File - In this May 9, 2013, file photo, two Allegiant Air jets taxi at McCarran International Airport in Las Vegas. Federal safety regulators want to fine Allegiant Air more than $715,000, saying the discount airline failed to properly fix an engine that put out hotter-than-normal exhaust fumes. Allegiant says that it followed a procedure approved by the manufacturer and the government. (AP Photo/David Becker, File)
WASHINGTON, June 15: Federal safety regulators have proposed a fine of more than $715,000 against Allegiant Air, saying the discount airline failed to properly fix an engine that put out hotter-than-normal exhaust fumes.
Allegiant said Friday that it followed a procedure approved by the manufacturer and the government.
The incident happened in April 2018 with one of the McDonnell-Douglas MD-88 planes that Allegiant has since retired.
The Federal Aviation Administration said after a takeoff in Virginia, Allegiant properly turned off the automatic reverse thrust system on the engine, as recommended by the manufacturer.
But rather than taking the next step of finding the reason that the exhaust gas was too hot, Allegiant deactivated the jet’s reverse thrust system and operated 28 flights over the next eight days, the FAA said.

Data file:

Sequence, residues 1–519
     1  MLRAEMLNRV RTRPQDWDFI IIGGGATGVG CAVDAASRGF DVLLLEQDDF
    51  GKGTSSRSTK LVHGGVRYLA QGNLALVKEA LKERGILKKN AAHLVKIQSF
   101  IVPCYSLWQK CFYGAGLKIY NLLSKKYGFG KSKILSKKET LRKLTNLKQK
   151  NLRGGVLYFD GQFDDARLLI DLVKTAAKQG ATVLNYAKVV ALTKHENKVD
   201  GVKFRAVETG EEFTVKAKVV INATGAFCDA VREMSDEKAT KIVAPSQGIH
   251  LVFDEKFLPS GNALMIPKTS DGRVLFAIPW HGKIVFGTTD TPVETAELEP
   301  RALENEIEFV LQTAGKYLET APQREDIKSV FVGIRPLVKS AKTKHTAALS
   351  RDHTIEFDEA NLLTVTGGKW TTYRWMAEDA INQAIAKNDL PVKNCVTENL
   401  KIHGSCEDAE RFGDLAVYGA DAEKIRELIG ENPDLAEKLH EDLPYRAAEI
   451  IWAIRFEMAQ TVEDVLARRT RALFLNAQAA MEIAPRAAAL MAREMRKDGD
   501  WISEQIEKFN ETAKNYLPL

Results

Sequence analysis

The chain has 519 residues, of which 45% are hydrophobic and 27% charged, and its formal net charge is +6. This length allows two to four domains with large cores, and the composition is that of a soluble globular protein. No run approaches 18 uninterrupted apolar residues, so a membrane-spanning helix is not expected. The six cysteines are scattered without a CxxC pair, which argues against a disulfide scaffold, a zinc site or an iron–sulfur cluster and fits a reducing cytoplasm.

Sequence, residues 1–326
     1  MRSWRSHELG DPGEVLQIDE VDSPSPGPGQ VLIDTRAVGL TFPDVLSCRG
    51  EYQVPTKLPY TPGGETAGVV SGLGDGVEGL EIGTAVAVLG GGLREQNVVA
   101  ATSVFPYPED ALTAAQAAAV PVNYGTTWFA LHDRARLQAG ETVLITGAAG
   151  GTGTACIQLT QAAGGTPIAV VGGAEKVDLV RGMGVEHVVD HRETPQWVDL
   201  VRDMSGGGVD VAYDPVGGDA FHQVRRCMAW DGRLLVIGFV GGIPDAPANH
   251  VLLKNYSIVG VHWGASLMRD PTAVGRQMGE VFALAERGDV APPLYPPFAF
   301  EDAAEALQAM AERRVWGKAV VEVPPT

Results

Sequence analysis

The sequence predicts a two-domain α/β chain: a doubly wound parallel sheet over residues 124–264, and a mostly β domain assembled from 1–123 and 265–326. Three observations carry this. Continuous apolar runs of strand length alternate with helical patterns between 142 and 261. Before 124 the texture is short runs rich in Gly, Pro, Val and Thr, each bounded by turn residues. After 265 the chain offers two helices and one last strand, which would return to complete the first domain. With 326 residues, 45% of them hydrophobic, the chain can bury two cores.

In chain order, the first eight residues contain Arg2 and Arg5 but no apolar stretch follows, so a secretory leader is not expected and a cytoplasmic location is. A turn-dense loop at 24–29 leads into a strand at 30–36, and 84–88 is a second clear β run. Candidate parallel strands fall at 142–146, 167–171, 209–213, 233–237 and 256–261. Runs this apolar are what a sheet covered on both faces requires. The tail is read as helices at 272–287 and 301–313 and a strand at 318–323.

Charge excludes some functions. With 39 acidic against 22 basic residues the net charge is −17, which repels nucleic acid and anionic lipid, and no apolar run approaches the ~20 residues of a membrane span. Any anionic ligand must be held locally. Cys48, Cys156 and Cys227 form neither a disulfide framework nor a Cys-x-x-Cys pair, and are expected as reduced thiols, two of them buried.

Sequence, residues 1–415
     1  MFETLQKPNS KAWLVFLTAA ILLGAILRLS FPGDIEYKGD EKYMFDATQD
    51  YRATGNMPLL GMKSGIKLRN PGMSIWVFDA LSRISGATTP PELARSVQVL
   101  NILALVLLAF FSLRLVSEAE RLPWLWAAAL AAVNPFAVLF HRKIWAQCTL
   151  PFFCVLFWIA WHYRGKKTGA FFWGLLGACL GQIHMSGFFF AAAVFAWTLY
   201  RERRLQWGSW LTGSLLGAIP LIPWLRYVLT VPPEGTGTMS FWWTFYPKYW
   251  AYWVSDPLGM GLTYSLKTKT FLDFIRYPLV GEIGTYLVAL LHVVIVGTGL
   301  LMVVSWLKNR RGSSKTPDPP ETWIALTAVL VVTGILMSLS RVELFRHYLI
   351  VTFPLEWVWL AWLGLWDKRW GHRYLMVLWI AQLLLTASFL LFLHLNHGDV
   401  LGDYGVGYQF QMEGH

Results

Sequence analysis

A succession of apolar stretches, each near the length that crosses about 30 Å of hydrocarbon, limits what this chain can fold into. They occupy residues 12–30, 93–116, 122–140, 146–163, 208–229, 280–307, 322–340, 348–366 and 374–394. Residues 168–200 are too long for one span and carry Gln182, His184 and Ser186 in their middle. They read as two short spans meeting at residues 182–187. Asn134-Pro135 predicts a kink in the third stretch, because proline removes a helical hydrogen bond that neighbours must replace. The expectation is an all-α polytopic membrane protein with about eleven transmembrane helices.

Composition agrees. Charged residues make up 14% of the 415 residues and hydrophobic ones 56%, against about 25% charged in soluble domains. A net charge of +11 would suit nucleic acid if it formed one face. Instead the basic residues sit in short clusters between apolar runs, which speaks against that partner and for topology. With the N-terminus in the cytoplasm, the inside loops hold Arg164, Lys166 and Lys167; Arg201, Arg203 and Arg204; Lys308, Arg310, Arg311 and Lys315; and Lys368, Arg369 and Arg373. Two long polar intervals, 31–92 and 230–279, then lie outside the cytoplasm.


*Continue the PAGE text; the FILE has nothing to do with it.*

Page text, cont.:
Allegiant said it followed a procedure developed by McDonnell-Douglas — now part of Boeing Co. — and later approved by the FAA.
The airline’s handling of the incident “never jeopardized the safety of our aircraft or our operations,” said Allegiant spokeswoman Sonya Padgett. “We believe the proposed fine is inappropriate and inconsistent with existing FAA policy.”
The FAA countered that it told Allegiant in 2017 not to deactivate an MD-80′s functioning automatic reverse thrust system unless the system itself was causing overly hot exhaust, because something else could be causing the high temperatures.
The Las Vegas-based carrier has 30 days to respond to the FAA’s allegations, which are civil and not a criminal matter. Airlines frequently negotiate down the size of proposed penalties.
In recent years, Allegiant has faced stepped-up scrutiny from the FAA and criticism from safety advocates after a series of incidents including aborted takeoffs and a high rate of in-flight mechanical problems. The FAA has taken no action against Allegiant, however, saying it was satisfied that it was dealing with problems inspectors found.
Allegiant’s rate of breakdowns appeared to be related partly to the age of its fleet, especially the MD-80-series jets, which were nearly 30 years old on average.
Older planes can be operated safely, but they tend to burn more fuel and require more maintenance. Allegiant retired its last MD-80s in November, replacing them with newer Airbus jets.